Verizon Wireless plans next week to expand its high-speed mobile data service to 11 more markets, including New York and Los Angeles, as well as 19 more airports.
The speedier laptop connections will be marketed only to businesses while the company adds coverage and readies services and devices for a consumer-oriented launch in 2005, Verizon Wireless said Wednesday.
However, consumers also will be able to sign up for the $80 a month unlimited service when it goes live on Monday.
To get online for e-mail, Web surfing and most anything else people do on the Internet, subscribers will need a special wireless card in their laptop computers. Handheld computers may be available for the service by year's end.
The expansion from three markets to 11 will push Verizon Wireless back into the lead by a wide margin in the U.S. deployment of broadband wireless Internet access. Earlier this month, AT&T Wireless introduced high-speed data service in Dallas and San Diego, expanding its coverage to six cities.
The race to upgrade cell phone networks with broadband data capability is costing billions of dollars for the nation's wireless companies in a bid to add customers and generate higher monthly fees.
In addition to Washington, San Diego and Las Vegas, Verizon's service will now be available in these markets: Atlanta, Austin, Texas, Baltimore, Kansas City, Milwaukee, Philadelphia, the Miami-Fort Lauderdale area, Tampa and West Palm Beach in Florida, as well as New York and Los Angeles.
Verizon Wireless, owned jointly by Verizon Communicaions Inc. and Vodafone PLC, is promising downloads of 300 to 500 kilobits per second using "EV-DO" technology, rivaling the speed of entry-level DSL and cable broadband connections.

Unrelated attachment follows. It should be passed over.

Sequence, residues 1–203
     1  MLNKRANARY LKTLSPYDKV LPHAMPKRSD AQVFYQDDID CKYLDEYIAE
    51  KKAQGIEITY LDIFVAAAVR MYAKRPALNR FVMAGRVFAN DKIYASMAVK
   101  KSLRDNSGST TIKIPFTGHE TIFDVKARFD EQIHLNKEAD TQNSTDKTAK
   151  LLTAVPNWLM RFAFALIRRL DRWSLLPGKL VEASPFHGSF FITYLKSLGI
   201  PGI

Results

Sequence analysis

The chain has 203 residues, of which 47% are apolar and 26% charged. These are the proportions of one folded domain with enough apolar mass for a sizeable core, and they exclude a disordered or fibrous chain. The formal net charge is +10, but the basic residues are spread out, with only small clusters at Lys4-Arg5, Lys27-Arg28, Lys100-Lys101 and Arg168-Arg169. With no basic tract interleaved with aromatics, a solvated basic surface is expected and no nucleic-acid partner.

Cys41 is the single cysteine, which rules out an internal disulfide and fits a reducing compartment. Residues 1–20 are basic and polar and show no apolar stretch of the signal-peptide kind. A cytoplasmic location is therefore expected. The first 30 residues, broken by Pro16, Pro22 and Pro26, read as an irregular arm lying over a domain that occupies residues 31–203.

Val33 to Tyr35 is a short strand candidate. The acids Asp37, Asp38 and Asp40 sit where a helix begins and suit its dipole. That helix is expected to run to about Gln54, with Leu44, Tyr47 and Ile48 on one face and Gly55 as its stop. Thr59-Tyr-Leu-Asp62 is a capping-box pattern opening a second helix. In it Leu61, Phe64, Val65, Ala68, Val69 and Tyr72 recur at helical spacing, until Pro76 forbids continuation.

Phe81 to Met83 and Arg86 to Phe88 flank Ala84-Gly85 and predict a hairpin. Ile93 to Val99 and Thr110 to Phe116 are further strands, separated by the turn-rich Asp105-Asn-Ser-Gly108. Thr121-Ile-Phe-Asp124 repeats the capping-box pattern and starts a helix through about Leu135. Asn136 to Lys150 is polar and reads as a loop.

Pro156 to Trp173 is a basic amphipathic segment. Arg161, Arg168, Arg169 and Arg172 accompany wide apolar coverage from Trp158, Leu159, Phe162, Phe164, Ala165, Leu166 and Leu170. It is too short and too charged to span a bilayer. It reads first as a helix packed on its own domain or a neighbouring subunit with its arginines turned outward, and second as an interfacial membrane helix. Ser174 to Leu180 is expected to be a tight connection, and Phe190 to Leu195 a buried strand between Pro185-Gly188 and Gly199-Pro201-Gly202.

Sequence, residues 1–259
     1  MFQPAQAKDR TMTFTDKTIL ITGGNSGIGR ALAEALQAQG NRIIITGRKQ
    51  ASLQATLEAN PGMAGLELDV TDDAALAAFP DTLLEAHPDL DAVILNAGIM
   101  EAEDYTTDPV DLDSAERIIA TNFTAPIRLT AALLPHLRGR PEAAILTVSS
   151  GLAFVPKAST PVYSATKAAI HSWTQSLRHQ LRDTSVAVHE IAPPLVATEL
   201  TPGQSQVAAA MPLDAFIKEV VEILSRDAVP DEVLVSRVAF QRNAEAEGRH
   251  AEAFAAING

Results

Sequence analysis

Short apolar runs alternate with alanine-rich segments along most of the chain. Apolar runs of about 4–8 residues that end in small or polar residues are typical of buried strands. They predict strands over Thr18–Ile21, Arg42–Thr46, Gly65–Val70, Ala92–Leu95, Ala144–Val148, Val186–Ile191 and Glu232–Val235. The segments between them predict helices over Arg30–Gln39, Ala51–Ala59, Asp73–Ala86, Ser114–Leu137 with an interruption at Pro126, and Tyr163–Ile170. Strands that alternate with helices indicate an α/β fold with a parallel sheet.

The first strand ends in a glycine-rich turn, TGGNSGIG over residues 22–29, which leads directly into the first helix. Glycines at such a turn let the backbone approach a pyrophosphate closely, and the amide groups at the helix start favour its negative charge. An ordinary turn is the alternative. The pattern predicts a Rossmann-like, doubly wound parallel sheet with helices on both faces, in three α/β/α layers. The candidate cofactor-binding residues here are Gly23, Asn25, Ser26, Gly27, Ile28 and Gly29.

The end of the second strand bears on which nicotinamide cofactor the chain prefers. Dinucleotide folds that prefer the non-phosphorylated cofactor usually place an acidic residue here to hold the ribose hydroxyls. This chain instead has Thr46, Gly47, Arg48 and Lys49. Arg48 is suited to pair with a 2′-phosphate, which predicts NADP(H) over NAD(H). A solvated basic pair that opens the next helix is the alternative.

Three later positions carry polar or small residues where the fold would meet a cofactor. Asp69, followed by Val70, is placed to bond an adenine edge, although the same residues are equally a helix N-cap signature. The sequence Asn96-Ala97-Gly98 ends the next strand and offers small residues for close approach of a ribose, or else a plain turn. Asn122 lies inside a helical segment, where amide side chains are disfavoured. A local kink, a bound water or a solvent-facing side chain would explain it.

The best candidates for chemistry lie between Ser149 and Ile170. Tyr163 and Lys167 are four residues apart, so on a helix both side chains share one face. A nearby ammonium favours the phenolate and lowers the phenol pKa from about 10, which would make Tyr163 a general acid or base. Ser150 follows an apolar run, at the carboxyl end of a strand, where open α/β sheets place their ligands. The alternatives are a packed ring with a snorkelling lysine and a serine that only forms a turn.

The AT&T Wireless service, based on a rival technology called "UMTS," is billed at speeds of 200-to-400 kbps.
Among other major carriers, Sprint is planning to deploy EV-DO service in some markets by the end of December with a broader rollout expected in 2005, while Cingular Wireless will expand its offerings through its impending acquisition of AT&T Wireless.
Verizon didn't offer specifics Wednesday on where and when it might roll out the service next, but said it was on target to double the coverage area of its EV-DO service by year-end to about a third of its national cellular network. In 2005, coverage is expected to double again to about two-thirds of the network.
The laptop modem card subscribers need costs $100 after rebates with a two-year contract or $150 with a one-year deal. The new card will be backwards compatible so that it can connect to Verizon's slower wireless network wherever the new technology is not available.
While $80 a month is considered too pricey for most consumers, Verizon may decide to replicate the pay-as-you-go options offered for its slower data service.